How would you feel if the manufacturer of your car knew that it had a life threatening defect and didn't do anything about it?
The news reports recently regarding the recall of 2 million GM vehicles, including the 2003-2011 Chevrolet Cobalt, Pontiac G5, Solstice, and Saturn Ion, seem to indicate GM did exactly that. These vehicles were recalled due to an ignition switch defect that affects the operation of the airbag system which causes the airbag to possibly not deploy during an accident if the key switch is in the run position and causes issues with the power steering system. It is suspected that thirteen people have already died in accidents because of this defect. The National Highway Traffic Safety Administration (NHTSA) initiated the recent recall of GM vehicles. The NHTSA is responsible for the creation and enforcement of Federal Motor Vehicle Safety Standards. Established by the Highway Safety Act of 1970, this agency's stated mission is to “save lives, prevent injuries, and reduce economic costs due to road traffic crashes.” It is a major consumer safety agency that is supposed to protect Americans from the unsafe practices of car manufacturers.
Recent internal documents released by the House of Representatives show that Mary T. Barra, the chief executive of G.M. knew about the product defects as early as 2011. Despite when Ms. Barra was made aware of the problem, it is clear that something more could have been done to prevent the senseless deaths caused by these defects.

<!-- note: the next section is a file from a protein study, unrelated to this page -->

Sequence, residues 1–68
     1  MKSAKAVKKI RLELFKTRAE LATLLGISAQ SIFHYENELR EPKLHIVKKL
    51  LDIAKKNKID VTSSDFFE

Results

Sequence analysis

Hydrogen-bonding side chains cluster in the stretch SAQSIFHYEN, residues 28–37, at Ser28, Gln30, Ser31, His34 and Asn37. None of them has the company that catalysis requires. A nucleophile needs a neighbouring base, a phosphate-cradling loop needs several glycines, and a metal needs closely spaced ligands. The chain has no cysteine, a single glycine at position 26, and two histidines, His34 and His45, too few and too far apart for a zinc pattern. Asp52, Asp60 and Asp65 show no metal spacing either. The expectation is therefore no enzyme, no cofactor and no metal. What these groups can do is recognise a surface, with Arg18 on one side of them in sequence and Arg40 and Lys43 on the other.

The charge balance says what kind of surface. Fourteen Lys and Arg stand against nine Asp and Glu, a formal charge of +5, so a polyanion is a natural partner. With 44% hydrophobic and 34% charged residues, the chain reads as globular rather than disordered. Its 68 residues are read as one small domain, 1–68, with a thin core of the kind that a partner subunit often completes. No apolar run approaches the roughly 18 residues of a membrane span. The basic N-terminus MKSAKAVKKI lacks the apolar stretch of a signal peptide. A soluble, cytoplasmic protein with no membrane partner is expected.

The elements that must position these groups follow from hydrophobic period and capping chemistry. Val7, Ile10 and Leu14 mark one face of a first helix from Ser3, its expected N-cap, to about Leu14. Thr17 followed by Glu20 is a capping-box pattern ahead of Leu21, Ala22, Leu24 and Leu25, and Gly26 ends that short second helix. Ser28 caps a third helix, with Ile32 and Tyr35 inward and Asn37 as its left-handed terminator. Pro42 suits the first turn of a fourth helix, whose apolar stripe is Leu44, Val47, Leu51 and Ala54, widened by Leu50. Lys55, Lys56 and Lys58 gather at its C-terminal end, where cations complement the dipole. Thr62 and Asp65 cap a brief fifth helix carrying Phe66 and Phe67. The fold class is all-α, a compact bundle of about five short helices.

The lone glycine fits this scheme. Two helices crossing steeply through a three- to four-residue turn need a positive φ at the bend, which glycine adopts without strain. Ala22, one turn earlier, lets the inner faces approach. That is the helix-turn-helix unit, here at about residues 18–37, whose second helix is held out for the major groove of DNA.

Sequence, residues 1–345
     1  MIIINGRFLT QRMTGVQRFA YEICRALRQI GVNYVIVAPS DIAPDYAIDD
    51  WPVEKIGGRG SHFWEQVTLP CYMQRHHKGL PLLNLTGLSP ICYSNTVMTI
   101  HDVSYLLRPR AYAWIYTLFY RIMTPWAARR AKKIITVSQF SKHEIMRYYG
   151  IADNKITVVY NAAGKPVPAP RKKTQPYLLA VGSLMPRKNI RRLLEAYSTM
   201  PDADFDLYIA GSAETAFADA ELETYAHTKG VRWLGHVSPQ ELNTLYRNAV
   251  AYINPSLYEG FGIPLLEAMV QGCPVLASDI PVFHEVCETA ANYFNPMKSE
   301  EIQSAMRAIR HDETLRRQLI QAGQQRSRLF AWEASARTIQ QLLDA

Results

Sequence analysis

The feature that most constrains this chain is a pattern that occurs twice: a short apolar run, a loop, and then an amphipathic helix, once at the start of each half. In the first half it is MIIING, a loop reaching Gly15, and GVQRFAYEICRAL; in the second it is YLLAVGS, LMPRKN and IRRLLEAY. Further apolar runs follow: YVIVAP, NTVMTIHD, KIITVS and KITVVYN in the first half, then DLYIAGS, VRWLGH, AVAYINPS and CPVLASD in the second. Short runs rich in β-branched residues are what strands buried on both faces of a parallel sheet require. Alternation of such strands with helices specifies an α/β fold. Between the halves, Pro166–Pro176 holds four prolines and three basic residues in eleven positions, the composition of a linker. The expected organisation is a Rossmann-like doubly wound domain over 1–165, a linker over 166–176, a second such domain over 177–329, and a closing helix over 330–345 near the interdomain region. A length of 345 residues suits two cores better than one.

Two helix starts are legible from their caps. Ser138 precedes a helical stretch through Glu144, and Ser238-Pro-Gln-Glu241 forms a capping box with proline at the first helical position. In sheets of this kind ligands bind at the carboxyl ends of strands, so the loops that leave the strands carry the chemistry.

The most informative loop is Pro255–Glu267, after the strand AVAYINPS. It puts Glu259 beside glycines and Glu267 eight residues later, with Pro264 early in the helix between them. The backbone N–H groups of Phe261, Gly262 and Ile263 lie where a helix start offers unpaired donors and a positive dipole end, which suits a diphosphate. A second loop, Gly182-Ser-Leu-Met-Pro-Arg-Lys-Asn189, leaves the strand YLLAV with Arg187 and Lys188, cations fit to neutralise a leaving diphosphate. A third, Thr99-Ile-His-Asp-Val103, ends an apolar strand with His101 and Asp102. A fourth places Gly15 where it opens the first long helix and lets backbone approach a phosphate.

You might ask why the NHTSA did not issue a recall earlier considering how long there have been reports of problems with these GM vehicles. According to Joan Claybrook, who was once head of NHTSA, a “revolving door” exists between companies like GM and the NHTSA, with former employees of the NHTSA leaving for higher paying jobs with car manufacturers. Claybrook also thinks that it could just be down to regulators at the NHTSA being overly cautious.
So how can you protect yourself from defective vehicles? While you can never be completely sure that there isn't a defective part in the car or truck you are driving, researching before you buy is the best defense against being a possible victim of a car manufacturer cutting corners. Websites like Motortrend.com research vehicles for you and provide their research to help you determine the safest vehicle for you. If you are concerned that the vehicle you are driving now may be dangerous due to defects, another great resource is NHTSA's website, NHTSA.gov. Regardless of what website you use, being aware of how dangerous vehicle defects can be and what resources exist for you to research them could be a matter of life and death for you or your family members.
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